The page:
Descending from the pure firmament of the holy Liturgy even to the humblest conditions of Christian life, the light which led Alexius to the highest point of detachment, is thus subdued by the Apostle to the capacity of all: “If any man take a wife, he hath not sinned, nor the virgin whom he marrieth; nevertheless, such shall have tribulation of the flesh, which I would fain spare you. This, therefore, I say, brethren: the time is short; it remaineth, therefore, that they also who have wives, be as if they had none; and they that weep, as though they wept not; and they that rejoice, as if they rejoiced not; and they that buy, as though they possessed not; and they that use this world, as if they used it not: for the fashion of this world passeth away.” (I Cor, vii. 28-31)
Yet it passes not too quickly for our Lord to show that His words never pass away. Five centuries after the glorious death of Alexius, the eternal God, to whom distance and time are as nothing, gave him a hundredfold the posterity he had renounced for the love of Him. The monastery on the Aventine, which still bears his name together with that of the martyr Boniface, had become the common patrimony of East and West in the eternal City; the two great monastic families of Basil and Benedict united under the roof of Alexius, and the seed taken from his tomb by the monk-bishop St. Adalbert brought forth the fruit of faith among the northern nations.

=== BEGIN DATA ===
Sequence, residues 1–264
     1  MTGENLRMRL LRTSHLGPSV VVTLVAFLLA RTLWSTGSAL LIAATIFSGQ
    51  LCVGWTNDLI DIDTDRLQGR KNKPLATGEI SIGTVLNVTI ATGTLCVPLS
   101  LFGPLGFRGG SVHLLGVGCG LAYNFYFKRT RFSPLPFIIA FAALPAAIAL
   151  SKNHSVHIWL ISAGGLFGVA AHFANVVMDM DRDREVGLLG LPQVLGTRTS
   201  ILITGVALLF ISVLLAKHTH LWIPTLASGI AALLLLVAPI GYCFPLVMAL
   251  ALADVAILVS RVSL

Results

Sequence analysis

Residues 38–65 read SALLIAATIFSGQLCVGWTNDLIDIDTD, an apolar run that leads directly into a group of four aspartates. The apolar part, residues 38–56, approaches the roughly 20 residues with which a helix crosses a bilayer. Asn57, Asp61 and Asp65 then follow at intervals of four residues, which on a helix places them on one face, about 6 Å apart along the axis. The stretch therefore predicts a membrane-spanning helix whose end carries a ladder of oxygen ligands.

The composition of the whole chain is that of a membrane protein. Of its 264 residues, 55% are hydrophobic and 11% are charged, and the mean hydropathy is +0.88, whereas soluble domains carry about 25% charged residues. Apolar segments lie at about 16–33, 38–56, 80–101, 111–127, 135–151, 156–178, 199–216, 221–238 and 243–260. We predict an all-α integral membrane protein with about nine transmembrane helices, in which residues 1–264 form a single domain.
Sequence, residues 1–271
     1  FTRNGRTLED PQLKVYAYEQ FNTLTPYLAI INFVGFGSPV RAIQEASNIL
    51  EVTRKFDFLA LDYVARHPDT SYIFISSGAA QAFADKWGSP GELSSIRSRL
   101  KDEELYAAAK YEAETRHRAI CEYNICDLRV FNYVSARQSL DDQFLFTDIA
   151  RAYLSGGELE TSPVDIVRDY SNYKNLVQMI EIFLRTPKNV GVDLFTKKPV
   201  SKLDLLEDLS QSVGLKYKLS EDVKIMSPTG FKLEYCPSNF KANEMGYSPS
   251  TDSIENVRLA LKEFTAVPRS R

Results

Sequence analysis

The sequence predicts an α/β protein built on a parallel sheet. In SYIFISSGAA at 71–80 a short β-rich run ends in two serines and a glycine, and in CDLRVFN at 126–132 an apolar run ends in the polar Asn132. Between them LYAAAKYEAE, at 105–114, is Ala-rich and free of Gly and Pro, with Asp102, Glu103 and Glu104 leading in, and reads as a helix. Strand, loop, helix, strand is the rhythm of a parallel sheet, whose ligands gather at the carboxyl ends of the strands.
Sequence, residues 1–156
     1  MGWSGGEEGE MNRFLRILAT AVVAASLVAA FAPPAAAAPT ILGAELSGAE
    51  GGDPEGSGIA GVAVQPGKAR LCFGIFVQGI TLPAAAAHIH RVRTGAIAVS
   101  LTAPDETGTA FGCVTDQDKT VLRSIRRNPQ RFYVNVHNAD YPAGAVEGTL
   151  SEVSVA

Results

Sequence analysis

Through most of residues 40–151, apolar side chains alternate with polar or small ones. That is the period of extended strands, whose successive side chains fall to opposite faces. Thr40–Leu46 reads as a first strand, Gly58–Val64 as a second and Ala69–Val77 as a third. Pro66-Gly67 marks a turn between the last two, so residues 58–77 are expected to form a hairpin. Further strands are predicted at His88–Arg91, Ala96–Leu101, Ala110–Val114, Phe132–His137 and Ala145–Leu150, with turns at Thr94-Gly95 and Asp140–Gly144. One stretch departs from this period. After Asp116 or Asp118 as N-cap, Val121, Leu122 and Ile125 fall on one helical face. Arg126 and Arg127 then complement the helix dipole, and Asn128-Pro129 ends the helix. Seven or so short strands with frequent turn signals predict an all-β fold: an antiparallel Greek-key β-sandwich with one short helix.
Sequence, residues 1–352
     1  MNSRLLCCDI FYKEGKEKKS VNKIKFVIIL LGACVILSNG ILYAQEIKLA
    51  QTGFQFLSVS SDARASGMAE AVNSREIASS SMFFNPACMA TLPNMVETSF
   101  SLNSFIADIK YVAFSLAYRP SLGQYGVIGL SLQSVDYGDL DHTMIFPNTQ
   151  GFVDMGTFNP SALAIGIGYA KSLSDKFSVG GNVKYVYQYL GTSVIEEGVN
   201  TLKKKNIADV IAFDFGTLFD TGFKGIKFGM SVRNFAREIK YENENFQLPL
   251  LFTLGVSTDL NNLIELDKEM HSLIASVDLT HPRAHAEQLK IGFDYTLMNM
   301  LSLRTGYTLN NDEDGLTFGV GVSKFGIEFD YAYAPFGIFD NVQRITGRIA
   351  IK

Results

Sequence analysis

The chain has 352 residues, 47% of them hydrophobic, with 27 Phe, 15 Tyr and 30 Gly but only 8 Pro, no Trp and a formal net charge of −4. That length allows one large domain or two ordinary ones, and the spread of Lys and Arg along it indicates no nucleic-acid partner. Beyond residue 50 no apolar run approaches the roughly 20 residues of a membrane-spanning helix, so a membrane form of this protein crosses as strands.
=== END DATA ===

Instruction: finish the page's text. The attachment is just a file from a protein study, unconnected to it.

The Church gives us the following very short notice of our hero: